April COVID 19 Trump
- Target did not partner with the federal government.
- A lauded Google project turned out to not to be led by Google at all, but by Verily and then once launched was limited to a smattering of counties in California. According to Verily, there were not 1,700 engineers ever engaged in the project.
- The president had said there were 1,700 Google engineers working on it,
- the retailers had not yet initiated any wide-scale implementation of drive-through tests. Walmart had opened two testing sites — one in the Chicago area and another in Bentonville, Ark. Walgreens had opened two in Chicago; CVS has opened four sites. Target had not opened any.
- Home testing kits were promised. NPR called more than 20 LHC sites in 12 states, and none of them were doing in-home testing. Employees at the LHC sites said they lacked both testing kits and the training to administer kits.
- The president had said he would waive license requirements so that doctors could practice in states with the greatest needs, for example. But medical licensing is a state issue, and the president does not have the authority to waive it.
- The president had announced that his administration would “purchase, at a very good price, large quantities of crude oil for storage in the U.S. Strategic Reserve.” It had not done so.
Trump fights back
Trump Turns Daily Coronavirus Briefing Into a Defense of His Record
April 13: the NY Times reported that President Trump turned the daily coronavirus task force briefing into an aggressive defense of his own halting response to the pandemic and used a campaign-style video to denounce criticism that he moved too slowly to limit the deadly spread of the virus.
For nearly an hour, Mr. Trump vented his frustration after weekend news reports that his own public health officials were prepared by late February to recommend aggressive social distancing measures, but that the president did not announce them until several weeks later — a crucial delay that allowed the virus to spread.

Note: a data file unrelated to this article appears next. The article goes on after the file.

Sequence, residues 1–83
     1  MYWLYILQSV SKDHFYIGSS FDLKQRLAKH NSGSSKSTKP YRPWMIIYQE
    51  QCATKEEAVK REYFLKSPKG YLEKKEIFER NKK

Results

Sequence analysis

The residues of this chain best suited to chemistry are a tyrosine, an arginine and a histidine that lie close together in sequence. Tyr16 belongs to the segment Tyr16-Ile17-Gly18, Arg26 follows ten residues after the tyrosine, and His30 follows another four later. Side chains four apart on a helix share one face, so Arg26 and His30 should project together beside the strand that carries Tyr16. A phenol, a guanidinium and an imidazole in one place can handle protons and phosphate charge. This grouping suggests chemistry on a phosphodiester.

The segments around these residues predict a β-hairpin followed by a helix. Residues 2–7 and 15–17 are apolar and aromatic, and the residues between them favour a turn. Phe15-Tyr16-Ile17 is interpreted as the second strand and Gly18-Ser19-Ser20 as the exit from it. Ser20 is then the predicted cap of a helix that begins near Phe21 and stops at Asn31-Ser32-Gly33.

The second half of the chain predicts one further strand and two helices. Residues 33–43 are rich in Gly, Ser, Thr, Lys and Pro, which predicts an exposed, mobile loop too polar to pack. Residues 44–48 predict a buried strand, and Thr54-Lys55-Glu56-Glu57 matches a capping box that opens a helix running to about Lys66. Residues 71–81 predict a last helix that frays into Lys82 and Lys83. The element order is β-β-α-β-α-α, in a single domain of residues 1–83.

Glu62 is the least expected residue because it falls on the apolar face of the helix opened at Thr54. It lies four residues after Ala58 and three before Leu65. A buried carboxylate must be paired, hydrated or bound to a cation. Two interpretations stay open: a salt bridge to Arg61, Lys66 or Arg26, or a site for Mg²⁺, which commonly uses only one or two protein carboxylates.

In an article on the same meeting, NPR reported that Trump declined to specify exactly when he expected to see restrictions eased on the American public but offered that he expected full cooperation from states, following guidelines from his task force. That statement was in contrast to the fact that several governors had banded together to coordinate easing their restrictions as groups.
“The president of the United States has the authority to do what the president has the authority to do, which is very powerful,” Trump said. “The president of the United States calls the shots.” (see April 16 below)
April COVID 19 Trump
Criticized for Pandemic Response, Trump Tries Shifting Blame to the W.H.O.
April 14: the NY Times reported that recent polls had show that more Americans disapproved of President Trump’s handling of the virus than approve.
On this date, the president tried to shift the blame elsewhere, ordered his administration to halt funding for the World Health Organization and claimed the organization had made a series of devastating mistakes as it sought to battle the virus. He said his administration would conduct a review into whether the W.H.O. was responsible for “severely mismanaging and covering up” the spread.
“So much death has been caused by their mistakes,” the president told reporters during a White House briefing.
António Guterres, the secretary general of the United Nations, defended the World Health Organization, saying it “must be supported, as it is absolutely critical to the world’s efforts to win the war against Covid-19.”
Guterres added that it was “possible that the same facts have had different readings by different entities,” but he said that the middle of a pandemic was not the time to resolve those differences.
“It is also not the time to reduce the resources for the operations of the World Health Organization or any other humanitarian organization in the fight against the virus,” he said.